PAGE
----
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The Availability Heuristic illustration: Plane crashes, cold snaps, and winning lottery tickets are shown as examples of uncommon but widely reported events that might affect the significance we associate with them.

The availability heuristic (and bias)

A deceptively simple, almost too simple to notice, heuristic —  a mental shortcut to solve a common problem — where we consider the likelihood of events by the ease with which relevant instances come to mind. In simple terms, things that we can easily recall or where we can think of examples, we generally consider as more important or more common than other things.

If we were asked to consider the divorce rate in the community, we might evaluate that by considering how many of your acquaintances are divorced. If none of your friends are divorced you’re naturally less likely to think the divorce rate locally will be high.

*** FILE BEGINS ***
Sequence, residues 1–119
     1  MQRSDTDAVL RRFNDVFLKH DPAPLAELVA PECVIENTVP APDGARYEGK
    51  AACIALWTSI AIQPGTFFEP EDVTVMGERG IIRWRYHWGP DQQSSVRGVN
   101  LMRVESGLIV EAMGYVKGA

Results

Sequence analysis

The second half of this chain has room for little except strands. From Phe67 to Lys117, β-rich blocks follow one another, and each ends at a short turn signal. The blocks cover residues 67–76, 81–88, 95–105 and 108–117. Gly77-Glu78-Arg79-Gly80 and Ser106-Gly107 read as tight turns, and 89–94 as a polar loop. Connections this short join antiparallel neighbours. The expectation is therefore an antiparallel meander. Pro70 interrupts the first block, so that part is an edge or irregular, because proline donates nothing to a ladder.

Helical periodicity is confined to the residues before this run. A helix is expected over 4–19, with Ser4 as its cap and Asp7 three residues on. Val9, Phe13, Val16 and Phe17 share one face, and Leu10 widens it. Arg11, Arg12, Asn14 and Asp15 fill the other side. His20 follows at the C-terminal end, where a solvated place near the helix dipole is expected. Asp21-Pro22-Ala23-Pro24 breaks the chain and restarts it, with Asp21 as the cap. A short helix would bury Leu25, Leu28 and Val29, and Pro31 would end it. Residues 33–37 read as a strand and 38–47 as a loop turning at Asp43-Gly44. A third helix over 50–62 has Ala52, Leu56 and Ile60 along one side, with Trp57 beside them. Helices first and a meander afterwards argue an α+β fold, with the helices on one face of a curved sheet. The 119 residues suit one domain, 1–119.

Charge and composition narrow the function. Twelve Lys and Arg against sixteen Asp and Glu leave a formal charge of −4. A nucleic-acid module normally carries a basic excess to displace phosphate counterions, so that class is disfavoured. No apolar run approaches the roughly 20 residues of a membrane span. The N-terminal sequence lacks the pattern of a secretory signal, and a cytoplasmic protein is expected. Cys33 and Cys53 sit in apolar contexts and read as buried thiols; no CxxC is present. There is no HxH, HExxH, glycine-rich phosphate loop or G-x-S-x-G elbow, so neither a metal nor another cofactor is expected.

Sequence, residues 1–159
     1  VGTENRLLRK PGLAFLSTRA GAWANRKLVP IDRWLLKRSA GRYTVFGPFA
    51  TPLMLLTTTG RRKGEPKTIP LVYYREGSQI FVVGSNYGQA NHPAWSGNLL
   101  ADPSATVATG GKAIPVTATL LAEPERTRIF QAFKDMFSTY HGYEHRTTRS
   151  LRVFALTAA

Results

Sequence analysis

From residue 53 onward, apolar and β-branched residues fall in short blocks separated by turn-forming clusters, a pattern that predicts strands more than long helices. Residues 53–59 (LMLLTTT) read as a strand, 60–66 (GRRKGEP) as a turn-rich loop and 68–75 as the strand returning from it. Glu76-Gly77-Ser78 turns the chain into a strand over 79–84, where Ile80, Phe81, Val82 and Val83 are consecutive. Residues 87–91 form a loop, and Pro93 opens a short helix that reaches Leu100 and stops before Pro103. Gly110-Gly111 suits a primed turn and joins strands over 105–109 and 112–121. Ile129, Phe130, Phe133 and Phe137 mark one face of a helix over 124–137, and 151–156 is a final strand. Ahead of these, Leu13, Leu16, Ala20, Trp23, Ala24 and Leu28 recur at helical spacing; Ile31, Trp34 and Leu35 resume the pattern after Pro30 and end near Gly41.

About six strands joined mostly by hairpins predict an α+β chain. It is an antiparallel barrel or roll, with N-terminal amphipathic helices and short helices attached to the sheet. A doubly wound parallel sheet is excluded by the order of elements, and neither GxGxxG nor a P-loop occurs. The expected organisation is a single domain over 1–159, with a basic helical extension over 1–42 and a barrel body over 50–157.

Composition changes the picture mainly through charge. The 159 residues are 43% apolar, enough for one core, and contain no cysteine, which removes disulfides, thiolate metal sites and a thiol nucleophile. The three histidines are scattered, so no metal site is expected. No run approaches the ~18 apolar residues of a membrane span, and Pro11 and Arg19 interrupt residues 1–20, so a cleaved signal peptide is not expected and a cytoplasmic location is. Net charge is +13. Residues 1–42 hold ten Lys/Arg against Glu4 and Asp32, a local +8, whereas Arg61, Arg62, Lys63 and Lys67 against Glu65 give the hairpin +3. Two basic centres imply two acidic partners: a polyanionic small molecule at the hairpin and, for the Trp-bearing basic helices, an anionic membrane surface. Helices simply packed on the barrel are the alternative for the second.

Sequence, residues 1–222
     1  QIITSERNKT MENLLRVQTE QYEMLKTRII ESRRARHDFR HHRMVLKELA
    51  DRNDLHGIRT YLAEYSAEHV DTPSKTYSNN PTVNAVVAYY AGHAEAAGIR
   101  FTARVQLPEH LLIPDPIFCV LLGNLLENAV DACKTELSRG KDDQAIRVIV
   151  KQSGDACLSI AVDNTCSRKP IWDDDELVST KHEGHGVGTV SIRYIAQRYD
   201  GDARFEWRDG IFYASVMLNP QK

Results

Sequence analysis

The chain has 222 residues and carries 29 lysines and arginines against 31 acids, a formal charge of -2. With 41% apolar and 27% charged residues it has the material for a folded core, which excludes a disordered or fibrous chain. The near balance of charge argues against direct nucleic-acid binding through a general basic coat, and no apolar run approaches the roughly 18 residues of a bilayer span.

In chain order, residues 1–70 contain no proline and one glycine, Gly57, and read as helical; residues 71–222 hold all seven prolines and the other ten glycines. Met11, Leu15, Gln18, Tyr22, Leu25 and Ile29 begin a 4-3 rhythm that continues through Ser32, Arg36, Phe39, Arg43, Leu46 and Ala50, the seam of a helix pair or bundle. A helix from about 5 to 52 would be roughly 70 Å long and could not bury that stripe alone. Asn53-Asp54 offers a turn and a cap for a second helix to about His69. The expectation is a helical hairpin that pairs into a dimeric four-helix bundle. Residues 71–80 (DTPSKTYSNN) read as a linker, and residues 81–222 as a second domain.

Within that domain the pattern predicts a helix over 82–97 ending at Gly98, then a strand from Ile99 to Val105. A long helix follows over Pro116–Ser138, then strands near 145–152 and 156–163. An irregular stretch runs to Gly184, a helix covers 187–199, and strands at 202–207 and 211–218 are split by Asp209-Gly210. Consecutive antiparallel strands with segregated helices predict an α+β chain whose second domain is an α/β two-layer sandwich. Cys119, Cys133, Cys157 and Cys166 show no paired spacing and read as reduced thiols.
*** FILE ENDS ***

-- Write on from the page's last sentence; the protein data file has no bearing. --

In many situations it makes good sense to give some credence to what you remember easily. However, in situations involving probabilities in particular the heuristic will lead us predictably astray such that more often I think of it as an availability bias — a predictable pattern of thought and behaviour leading to incorrect conclusions.

So, the vividness of shark attacks causes us to overrate how likely they are to actually occur. Or we’re more likely to worry about lions than hippos, even though hippos kill more people each year than lions. Or the risk of being struck by lightning vs stuck by a car crossing a road. Or, the prevalence of violent crime on the news compared to the likelihood of you being a victim. Or the fact that it’s cold outside and yet the planet is gradually warming.

Here’s a 1973 Kahneman and Tversky paper: Availability: A Heuristic for Judging Frequency and Probability

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